If you’re not familiar with the change fee, it’s time to learn especially now with many of us making expensive holiday flight reservations. You could avoid a nasty surprise. As much as $200 worth of nastiness.
What is an Airline Change Fee
If you buy regular coach or economy class tickets – as most of us do to get the cheapest tickets – any change made to your itinerary or tickets after you book your flights will cost you (with one airline exception, shown below).
Fee prices: The cost of change fees vary by airline; on the low end is the $50 ‘name change’ only fee charged by Frontier, while Virgin America charges $75 to $150 depending on the route. The highest change fee is $200, charged by American, Delta and United.
Exception: The lone U.S. airline with no change fee is Southwest.
Airlines can and do change fees from time to time with little or no notice; always check with them for the most up-to-date information.
How to Avoid a Change Fee
The two best ways to avoid a change fee involve acting fast or planning ahead.
1. 24-hour change-your-mind rule: Thanks to the Department of Transportation’s passenger protections, all airlines must give shoppers 24 hours to change their minds about a ticket purchase. It works this way with most carriers: Cancel the purchase within 24 hours of dinging your credit card and you get a refund.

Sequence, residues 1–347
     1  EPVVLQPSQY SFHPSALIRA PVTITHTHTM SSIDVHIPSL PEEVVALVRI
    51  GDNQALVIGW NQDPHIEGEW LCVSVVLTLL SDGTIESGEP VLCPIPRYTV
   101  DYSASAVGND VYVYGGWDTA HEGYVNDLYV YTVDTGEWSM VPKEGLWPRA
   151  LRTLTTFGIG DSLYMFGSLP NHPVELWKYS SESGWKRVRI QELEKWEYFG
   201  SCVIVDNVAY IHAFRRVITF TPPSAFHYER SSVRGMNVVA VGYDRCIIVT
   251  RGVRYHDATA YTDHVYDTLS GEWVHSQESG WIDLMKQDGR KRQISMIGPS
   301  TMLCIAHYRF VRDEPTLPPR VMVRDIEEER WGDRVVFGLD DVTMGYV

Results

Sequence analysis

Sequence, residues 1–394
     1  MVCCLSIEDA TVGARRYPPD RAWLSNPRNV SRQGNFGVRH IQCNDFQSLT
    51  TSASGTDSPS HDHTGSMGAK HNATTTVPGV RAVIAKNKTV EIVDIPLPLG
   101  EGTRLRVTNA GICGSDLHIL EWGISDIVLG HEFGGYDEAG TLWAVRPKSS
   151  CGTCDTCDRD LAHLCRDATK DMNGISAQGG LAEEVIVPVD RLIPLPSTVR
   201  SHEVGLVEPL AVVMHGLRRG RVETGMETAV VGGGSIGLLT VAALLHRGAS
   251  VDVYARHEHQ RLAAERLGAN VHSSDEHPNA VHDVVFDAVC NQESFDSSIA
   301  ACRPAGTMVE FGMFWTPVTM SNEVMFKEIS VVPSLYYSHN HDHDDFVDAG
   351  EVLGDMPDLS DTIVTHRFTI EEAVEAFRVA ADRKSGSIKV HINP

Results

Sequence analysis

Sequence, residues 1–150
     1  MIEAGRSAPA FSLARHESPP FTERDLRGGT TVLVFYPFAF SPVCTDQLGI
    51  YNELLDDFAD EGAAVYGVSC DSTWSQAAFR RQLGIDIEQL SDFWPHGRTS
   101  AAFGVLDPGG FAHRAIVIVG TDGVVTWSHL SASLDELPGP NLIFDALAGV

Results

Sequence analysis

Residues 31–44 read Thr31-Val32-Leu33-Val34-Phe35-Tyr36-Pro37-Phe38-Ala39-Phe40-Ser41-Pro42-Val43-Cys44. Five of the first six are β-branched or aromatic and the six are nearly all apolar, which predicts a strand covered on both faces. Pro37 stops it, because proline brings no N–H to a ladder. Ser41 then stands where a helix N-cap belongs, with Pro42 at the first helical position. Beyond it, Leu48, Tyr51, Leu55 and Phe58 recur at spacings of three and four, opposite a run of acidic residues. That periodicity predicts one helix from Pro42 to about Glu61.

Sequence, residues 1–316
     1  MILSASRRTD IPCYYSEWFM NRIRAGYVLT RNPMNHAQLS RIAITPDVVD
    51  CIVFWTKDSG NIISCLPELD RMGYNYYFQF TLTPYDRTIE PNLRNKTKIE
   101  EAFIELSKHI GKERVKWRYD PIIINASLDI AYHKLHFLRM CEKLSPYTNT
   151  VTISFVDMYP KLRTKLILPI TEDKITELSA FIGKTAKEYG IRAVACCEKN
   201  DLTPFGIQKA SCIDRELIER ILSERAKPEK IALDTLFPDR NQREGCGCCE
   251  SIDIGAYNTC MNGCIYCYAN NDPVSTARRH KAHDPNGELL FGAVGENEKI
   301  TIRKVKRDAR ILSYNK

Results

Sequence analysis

- Tip: American Airlines takes a slightly different approach: Shoppers reserve a seat for 24 hours without having to pay for it; but once that non-refundable seat is purchased, there are no refunds without a change fee.
2. Refundable tickets: If your dates are truly up-in-the-air it can be helpful to buy refundable tickets which incur no change fee.
- Tip: These tickets are generally much more expensive than regular economy fares.
3. Travel insurance: It won’t necessarily be cheap but may be worth it. Only you know the answer to that.
- Tip: You must read the fine print to be certain it covers what you need.
4. Credit cards: Your airline-branded credit card may cover you for change fees (and might just include other perks like a free bag or early boarding). Again, read the fine print.
- Tip: Shop around; many credit cards have annual fees that can be expensive.
5. Southwest: As mentioned above, it is the only U.S. airline (that we know of) with a “no change fee” policy.
- Tip: Be sure to compare airfares – plus factor in the cost of a change fee – to be sure this will get you the best deal.
Saving money on change fees – and airfares in general – is part of our DNA which is why we share this information. As airfare analyst and FareCompare CEO Rick Seaney often says, “Never spend a penny more than you have to.”